The human brain is so complex that it is made up of several different areas, each having their own function. All of these areas can work together at one time, or separately. It is almost like a family tree, where there are main branches and offshoots of those branches. The offshoots have more subsections. For instance: somewhere in long-term memory musical memory is stored â€“ although scientists are not certain whether it is part of the long-term memory or has itâ€™s own individual subset.
As illustrated from the diagram, the brain is more than simply remembering. It is wired so that all the neuro-connectors run throughout the body â€“ from head to toes. We may start out with millions of connectors, but as we grow older the weaker links are weeded out, and new connections are being made.
Connections that are damaged, from head injuries, illness, or â€œpruningâ€ (where they are weeded out naturally) can often find a new way to make another connection. If these new connections are weak, or a connection cannot be made, memory will begin to fade.
The memory portions of our brain are divided into three main categories (again, musical memory may be another category, but that has not be ascertained yet).
- Sensory memory
- Short-term memory
- Long-Term Memory
Sensory memory records what you have experienced through your senses â€“ touch, taste, hearing, smell and sight. These memories are short-takes – where the brain acknowledges that you experience something through one or more of your senses, and then pass the sensation on to your short-term memory.Â For example: you touch the doorknob and it is cold. This information is acknowledged and passed on to short-term memory.
Short-term memory receives a signal from your sensory memory and unscrambles it in order to decide whether it should be held on to and passed on to the long-term memory, or discarded. Memories in short-term holding can stay there anywhere from a few seconds to a day or two. Short-term memory is also referred to as â€œworking memory, although it does perform a function other than processing information. Working memory is needed to perform complex tasks such as reasoning, comprehension and learning.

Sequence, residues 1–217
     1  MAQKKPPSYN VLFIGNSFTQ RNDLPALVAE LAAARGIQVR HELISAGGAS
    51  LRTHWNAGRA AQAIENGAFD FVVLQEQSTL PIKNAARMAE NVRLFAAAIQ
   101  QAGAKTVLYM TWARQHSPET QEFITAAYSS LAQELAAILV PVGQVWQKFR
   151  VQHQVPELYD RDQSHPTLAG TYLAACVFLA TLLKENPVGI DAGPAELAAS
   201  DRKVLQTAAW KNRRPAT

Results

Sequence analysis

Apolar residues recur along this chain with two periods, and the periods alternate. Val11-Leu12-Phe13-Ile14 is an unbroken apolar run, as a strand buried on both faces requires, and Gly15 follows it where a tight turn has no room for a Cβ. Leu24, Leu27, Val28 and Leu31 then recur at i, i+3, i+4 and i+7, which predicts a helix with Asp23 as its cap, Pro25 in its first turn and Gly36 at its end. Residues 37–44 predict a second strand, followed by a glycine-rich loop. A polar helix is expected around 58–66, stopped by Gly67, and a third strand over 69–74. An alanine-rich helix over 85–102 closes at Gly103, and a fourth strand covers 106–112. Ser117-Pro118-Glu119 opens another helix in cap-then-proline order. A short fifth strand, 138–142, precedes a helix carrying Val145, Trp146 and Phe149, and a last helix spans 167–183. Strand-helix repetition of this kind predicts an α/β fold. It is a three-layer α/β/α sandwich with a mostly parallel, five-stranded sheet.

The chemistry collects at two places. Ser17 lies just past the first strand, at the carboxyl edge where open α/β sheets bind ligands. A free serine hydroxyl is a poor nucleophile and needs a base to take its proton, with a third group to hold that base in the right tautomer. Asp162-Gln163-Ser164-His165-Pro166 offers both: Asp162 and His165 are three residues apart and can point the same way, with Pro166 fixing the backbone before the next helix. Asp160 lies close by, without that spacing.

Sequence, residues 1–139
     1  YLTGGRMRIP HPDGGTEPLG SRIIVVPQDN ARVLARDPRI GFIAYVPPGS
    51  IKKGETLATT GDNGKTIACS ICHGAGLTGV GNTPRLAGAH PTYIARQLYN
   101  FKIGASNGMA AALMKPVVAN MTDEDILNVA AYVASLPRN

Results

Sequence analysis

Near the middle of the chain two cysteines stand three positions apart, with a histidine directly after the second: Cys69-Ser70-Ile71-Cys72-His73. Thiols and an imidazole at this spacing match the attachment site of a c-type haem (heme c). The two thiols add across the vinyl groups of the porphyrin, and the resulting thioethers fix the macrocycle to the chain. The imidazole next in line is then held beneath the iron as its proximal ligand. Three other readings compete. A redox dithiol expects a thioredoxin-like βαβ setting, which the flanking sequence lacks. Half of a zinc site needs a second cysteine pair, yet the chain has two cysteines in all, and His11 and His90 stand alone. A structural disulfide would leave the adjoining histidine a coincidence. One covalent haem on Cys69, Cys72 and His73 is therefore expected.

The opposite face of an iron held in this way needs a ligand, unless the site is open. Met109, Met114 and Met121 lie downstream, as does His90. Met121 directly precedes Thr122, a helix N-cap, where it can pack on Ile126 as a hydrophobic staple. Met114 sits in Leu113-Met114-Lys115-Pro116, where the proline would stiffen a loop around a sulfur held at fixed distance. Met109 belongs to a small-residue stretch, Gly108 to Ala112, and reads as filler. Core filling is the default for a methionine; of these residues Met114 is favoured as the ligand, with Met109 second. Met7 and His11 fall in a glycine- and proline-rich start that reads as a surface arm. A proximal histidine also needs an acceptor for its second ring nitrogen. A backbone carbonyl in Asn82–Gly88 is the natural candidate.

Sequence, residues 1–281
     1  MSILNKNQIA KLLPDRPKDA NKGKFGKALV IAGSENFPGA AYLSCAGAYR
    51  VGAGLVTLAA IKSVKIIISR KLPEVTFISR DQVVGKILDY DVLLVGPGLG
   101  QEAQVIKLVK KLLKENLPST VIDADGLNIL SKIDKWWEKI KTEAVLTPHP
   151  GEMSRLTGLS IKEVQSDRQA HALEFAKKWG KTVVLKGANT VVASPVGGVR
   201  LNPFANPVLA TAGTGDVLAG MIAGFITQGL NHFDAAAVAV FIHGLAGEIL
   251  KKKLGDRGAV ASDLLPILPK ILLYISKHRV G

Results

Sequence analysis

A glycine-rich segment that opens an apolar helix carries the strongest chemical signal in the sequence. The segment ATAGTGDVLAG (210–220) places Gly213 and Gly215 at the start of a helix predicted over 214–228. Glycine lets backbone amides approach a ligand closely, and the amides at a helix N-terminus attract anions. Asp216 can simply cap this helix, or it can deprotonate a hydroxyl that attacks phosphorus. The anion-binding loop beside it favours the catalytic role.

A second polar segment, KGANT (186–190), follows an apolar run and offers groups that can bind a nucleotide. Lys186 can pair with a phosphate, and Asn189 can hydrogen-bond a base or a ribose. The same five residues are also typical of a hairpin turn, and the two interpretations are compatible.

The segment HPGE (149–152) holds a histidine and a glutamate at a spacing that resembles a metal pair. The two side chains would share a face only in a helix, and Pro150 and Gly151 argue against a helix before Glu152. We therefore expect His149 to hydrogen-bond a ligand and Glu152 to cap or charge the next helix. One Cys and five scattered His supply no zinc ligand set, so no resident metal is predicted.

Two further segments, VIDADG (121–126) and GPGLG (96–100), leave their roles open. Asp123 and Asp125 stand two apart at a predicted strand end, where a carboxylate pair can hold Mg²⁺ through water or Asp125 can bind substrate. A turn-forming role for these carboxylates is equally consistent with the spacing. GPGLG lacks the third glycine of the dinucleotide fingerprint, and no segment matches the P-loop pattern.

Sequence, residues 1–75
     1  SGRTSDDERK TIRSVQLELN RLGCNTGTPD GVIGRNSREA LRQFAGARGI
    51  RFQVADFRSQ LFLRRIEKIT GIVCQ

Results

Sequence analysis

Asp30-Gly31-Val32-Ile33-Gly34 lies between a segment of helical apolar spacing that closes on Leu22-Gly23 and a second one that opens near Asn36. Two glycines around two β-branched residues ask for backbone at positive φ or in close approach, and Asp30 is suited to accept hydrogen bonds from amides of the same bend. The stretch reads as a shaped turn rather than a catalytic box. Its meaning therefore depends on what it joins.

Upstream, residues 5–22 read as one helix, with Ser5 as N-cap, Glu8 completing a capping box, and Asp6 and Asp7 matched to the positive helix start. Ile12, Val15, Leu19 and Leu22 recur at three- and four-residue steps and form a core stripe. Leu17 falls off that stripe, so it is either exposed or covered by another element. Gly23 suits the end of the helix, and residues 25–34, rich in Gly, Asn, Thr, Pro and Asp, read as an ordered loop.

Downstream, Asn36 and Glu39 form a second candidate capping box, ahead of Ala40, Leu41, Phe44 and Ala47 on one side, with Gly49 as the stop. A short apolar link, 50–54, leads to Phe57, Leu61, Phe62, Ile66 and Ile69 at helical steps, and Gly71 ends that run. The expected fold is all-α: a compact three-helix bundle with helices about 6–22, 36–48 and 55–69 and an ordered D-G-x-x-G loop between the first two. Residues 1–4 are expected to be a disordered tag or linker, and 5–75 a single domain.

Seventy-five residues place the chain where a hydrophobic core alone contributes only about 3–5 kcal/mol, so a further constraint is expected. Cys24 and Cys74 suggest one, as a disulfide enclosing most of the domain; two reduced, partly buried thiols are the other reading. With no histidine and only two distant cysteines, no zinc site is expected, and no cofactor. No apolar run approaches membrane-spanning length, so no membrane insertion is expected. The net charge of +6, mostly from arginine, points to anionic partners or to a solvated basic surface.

Long-term memory is what your short-term memory has deemed appropriate to keep for future reference. Your memories are stored in files within your memory so you can retrieve them when you want to. Long-term memory is divided into to main sections – conscious (or explicit) memory, and unconscious (implicit) memory. From there it is further broken down into sections. The implicit memory is where we store our normal and routine tasks. The explicit memory is broken down into subcategories: where we store facts and events (declarative memory), events and experiences (episodic memory), and facts and concepts (semantic memory). For example: recalling the name of your high school chemistry teacher uses episodic memory; the dates for the War of 1812 utilizes semantic memory; recalling how to ride a bike draws on procedural memory; and when you hear the musical score to Hair you are using your musical memory.
As a memory expert I am constantly amazed at the new information that is being found out about memory. Scientists may never be able to understand the workings completely as they continue to open new areas to explore.
From the desk of Ron White
Curiosity.com â€“ How Complex Is Memory? http://curiosity.discovery.com/question/how-complex-is-memory
The MIT Press â€“ Lifespan Development of Human Memory: http://mitpress.mit.edu/catalog/item/default.asp?tid=9081&ttype=2